John Proctor Character Analysis

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Parris as a Role for Proctor and his Influence on Morals and Religion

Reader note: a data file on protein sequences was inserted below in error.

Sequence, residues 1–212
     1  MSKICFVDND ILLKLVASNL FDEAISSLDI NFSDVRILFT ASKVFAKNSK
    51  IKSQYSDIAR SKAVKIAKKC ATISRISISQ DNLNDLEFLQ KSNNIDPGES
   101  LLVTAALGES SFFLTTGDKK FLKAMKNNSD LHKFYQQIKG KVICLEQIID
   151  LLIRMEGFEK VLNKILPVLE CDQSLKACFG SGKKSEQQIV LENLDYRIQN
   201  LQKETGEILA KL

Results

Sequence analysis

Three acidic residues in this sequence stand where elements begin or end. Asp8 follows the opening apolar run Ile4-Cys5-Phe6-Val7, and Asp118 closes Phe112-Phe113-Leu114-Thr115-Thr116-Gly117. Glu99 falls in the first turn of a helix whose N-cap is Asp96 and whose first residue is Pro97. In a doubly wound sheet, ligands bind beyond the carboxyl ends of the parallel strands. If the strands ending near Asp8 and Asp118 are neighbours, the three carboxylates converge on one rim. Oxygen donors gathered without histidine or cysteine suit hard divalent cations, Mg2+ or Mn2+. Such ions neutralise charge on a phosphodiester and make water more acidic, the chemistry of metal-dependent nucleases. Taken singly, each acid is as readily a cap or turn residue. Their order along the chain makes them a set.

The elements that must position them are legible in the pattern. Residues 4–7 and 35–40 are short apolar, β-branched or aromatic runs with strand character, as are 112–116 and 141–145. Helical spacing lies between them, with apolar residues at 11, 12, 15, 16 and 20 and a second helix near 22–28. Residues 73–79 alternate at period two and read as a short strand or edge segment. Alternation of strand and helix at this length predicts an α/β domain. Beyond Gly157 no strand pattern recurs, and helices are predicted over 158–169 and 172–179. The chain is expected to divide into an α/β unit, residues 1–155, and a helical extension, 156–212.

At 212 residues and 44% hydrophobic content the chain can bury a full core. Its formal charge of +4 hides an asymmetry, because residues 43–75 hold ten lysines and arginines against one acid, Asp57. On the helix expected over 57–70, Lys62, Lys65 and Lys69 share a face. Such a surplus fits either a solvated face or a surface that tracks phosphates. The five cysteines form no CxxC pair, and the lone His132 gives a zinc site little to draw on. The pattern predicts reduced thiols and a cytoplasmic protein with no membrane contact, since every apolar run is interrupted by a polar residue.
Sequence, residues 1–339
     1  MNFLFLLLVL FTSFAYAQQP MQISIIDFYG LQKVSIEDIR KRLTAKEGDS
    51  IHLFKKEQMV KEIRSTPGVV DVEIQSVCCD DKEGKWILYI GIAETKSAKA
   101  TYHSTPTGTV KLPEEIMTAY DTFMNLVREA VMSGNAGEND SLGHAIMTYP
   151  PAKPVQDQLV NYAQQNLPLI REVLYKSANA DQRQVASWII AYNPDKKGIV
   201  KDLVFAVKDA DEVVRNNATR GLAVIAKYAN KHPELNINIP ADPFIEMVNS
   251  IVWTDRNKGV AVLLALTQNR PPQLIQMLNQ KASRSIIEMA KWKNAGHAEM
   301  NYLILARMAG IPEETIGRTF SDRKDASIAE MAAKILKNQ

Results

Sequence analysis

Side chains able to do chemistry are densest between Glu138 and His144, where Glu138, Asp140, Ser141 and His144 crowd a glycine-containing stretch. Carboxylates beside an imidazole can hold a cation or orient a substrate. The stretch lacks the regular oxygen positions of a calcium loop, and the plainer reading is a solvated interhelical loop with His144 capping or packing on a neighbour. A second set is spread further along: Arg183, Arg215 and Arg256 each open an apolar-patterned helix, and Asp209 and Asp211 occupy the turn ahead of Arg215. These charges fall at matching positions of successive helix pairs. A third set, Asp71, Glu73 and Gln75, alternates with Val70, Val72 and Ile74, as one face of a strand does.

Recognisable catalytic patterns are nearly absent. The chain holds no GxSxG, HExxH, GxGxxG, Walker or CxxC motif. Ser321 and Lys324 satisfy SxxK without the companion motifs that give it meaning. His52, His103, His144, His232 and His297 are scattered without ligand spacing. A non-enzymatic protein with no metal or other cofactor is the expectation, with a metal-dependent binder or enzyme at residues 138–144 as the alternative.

Throughout history, religion shaped civilization. It has written and rewritten borders and caused wars. Personal belief and the consequences it brings apply to most conflicts, including those of the Salem witch trials. In Arthur Miller’s The Crucible, religion and the clash between personal belief and church teachings on values and morals play an important role in the development of both John Proctor and Reverend Parris; Parris serves as a foil for Proctor throughout the play by contrasting his religious views, morals, and integrity, ultimately revealing Proctor’s good heart despite his mistakes. Although religious beliefs influence character development, they often conflict with other characters, highlighting the different morals and values that each character has. Parris’s beliefs contradict and create tension between him and Proctor, effectively outlining and accenting their differences by furthering the evidence that supports Parris’ role as a foil for Proctor. Parris demonstrates his beliefs through his actions and decisions as a Pastor for the town of Salem. When rumours of witchcraft first begin to circle, he chooses to pick a fight. He argues “where is my wood? My contract provides I be supplied with all my firewood. I am waiting since November for a stick, and even in November I had to show my frostbitten hands like some London beggar” (Miller 27). Parris, rather than worry and pray for his
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